With the Patient Protection and Affordable Care Act (ACA) “Cadillac” excise tax looming, many hospitals feel increasing pressure to rein in health benefit costs.
The annual Cammack Health Benefits Survey of Hospitals found the tax could affect as many as two-thirds of health systems if no changes are made. Forty-six percent of respondents plan to make changes over the next few years—22% have changed the medical plan to lower the value of the plan.
Twenty-one percent of respondents have not analyzed potential liabilities for the Cadillac tax, while 17% are willing to pay some tax.The survey also found an increase in spousal surcharges, with some employers opting to eliminate spousal coverage entirely. Cammack Health says this is a definitive shift for an industry that has typically been more generous, with historically lower contributions, more generous eligibility rules (often covering large segments of part-time workers), and richer plan designs than average employers.
The tendency to cover part-time workers helped hospitals when it came to complying with the employer mandate. However, 24/7 minimum staffing requirements force many hospitals to maintain a robust per diem workforce, and those workers leave many hospitals vulnerable to potential violation of the employer mandate’s 95% minimum coverage rule for employees working more than 30 hours, Cammack notes. This problem is particularly acute for health systems with multiple hospital locations, where one per diem employee may be working at multiple locations. Many hospitals found themselves forced to upgrade systems and improve internal communication to comply with the standards.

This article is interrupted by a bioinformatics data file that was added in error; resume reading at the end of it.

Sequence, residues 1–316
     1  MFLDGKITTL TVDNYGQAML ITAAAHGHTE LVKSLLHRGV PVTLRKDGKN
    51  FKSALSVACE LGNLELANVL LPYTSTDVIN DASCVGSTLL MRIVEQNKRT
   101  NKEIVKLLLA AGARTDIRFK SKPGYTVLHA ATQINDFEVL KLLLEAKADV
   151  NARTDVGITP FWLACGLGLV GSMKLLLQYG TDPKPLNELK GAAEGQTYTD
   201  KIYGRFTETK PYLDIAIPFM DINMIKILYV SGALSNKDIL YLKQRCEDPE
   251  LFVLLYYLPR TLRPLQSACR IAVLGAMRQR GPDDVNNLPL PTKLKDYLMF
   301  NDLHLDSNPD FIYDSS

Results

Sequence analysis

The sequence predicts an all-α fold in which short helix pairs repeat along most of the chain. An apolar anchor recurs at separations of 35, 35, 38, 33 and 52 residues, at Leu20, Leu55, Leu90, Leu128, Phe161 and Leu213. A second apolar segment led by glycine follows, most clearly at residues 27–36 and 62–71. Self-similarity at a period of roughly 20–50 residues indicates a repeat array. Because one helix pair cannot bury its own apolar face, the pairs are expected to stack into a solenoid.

The survey found hospitals using different strategies to cope with the potential additional coverage extensions, including creating new plan offerings, reducing per diem hours, and upgrading internal systems to track hours more effectively.
Most hospitals (84%) continue to design plans with significant steerage to their own “domestic” facilities and physicians. Steerage is often in the form of waiving coinsurance or copays for facility claims. But more hospitals are now turning to a 3rd or 4th network tier to drive down costs. Some hospitals are choosing to create domestic tiers within tiers, incentivizing accountable care organization (ACO)-based or employed physicians within their domestic tiers. Others are choosing to exclude specific facilities, or put high-cost facilities in a new, separate tier, to de-incentivize their use.The 2015 Cammack Health Benefits Survey of Hospitals includes more than 160 hospitals across 89 systems in New York, New Jersey, Delaware, Pennsylvania, Connecticut, Massachusetts and Rhode Island. Highlights may be downloaded from here.